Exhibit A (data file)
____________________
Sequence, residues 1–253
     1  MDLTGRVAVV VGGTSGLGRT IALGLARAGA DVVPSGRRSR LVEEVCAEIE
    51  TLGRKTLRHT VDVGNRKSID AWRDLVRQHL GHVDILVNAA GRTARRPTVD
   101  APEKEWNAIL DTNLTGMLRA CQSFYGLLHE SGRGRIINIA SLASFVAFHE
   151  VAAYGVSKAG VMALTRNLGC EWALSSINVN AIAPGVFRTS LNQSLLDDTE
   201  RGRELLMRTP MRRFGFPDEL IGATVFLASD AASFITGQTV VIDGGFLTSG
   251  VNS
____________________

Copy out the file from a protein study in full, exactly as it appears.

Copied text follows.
Sequence, residues 1–253
     1  MDLTGRVAVV VGGTSGLGRT IALGLARAGA DVVPSGRRSR LVEEVCAEIE
    51  TLGRKTLRHT VDVGNRKSID AWRDLVRQHL GHVDILVNAA GRTARRPTVD
   101  APEKEWNAIL DTNLTGMLRA CQSFYGLLHE SGRGRIINIA SLASFVAFHE
   151  VAAYGVSKAG VMALTRNLGC EWALSSINVN AIAPGVFRTS LNQSLLDDTE
   201  RGRELLMRTP MRRFGFPDEL IGATVFLASD AASFITGQTV VIDGGFLTSG
   251  VNS